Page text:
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Henry Ford Health System has prepared a policy for how its hospitals will determine which patients get to use ventilators should need surpass availability. 

A letter circulated online Thursday said patients “will be assessed for eligibility” for ventilator support based on the extent of their symptoms, underlying health conditions and advanced directives.

That letter was in preparation for a "worst case scenario," but has not been enacted as policy, the Detroit-based five-hospital system said in a statement. 

The hospital system has not reached capacity at any of its locations, nor has it reached the limit on ventilators at any of its hospitals, said Brenda Craig, vice president of the health system’s integrated communications.

“The letter is part of a larger internal document that unfortunately was shared publicly,” Craig said. “It would only be something used in a worst case scenario, and we are not in one right now at any of our hospitals.”

The policy would only be activated if a hospital reached capacity both within its own system and among the hospitals statewide to which it could send patients, said Dr. Adnan Munkarah, chief clinical officer for Henry Ford Health System,

The over-arching goal of such polices, he said, is to provide the "highest rate of survival" possible and the policies are always "governed by objective medical evidence." The hospital system has an adequate supply of ventilators, he said, and is looking at different options, such as using anesthesia equipment to supplement the hospital's supply. 

“We have by no means exhausted all of our resources or all of our options to take care of patients,” Munkarah said.

The policy is similar to what other hospitals across the nation have prepared, both for this crisis and past challenges, such as the potential spread of the Ebola epidemic between 2013 and 2016, said Karen Smith, director of ethics for Henry Ford Health System.

"In developing our triage plans, our hope is to never have to utilize them,” Smith said. 

The letter circulated online indicates that a patient or patient’s family should alert staff of any medical conditions or advanced directives such as a Do Not Resuscitate order.

Conditions such as terminal cancers, severe trauma or heart, lung or liver failure could make someone ineligible for a ventilator in the intensive care unit, the letter said. Ineligible patients “will receive treatment for pain control and comfort measures.”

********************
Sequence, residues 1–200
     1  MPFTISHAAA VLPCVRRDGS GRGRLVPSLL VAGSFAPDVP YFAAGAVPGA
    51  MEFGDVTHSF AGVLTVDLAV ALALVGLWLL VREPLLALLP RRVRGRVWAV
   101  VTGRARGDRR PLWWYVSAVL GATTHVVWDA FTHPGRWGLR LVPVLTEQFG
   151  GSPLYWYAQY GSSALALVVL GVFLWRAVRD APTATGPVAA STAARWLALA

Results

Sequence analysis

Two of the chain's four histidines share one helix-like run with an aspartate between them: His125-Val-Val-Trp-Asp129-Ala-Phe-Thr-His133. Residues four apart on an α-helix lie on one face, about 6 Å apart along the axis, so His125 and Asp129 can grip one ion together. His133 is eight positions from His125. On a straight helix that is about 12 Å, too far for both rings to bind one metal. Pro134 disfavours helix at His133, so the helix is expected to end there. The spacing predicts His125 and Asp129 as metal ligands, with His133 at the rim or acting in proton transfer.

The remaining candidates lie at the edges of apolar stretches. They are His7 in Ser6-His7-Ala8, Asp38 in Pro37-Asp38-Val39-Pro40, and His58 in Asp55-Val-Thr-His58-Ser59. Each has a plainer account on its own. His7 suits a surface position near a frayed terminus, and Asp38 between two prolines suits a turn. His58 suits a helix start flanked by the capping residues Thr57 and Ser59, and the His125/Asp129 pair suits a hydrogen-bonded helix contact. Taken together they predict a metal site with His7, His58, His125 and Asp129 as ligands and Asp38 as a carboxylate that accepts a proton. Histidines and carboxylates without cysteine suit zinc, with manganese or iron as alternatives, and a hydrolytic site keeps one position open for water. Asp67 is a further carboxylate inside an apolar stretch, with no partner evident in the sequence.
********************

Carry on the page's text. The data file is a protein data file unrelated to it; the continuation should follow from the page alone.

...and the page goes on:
“Some patients will be extremely sick and very unlikely to survive their illness even with critical treatment,” the letter said. “Treating these patients would take away resources for patients who might survive.”

Patients who do not improve over time with ventilator or ICU treatment could have the treatment stopped, the letter said.

In the midst of the coronavirus pandemic, hospitals must be prepared for a "worst case scenario," said Munkarah said Friday morning.

"Gathering the collective wisdom from across our industry, we carefully crafted our policy to provide critical guidance to healthcare workers for making difficult patient care decisions during an unprecedented emergency," he said.

"These guidelines are deeply patient focused, intended to be honoring to patients and families. We were pleased to share our policy with our colleagues across Michigan to help others develop similar, compassionate approaches. It is our hope we never have to apply them and we will always do everything we can to care for our patients, utilizing every resource we have to make that happen.”

The letter was circulated widely on Twitter Thursday night before Henry Ford Health System responded shortly after midnight to various tweets referring to the policy, including one from University of Michigan law professor Nicholas Bagley.

“With a pandemic, we must be prepared for worst case,” the health system said in the tweet. “With collective wisdom from our industry, we crafted a policy to provide guidance for making difficult patient care decisions. We hope never to have to apply them. We will always utilize every resource to care for our patients.

Bagley, who has since removed the document from Twitter, occupies “a temporary position as special counsel in the Michigan governor’s office to aid in the state’s response to the coronavirus pandemic” as of March 21, according to an automatic response from his UM email.

eleblanc@detroitnews.com

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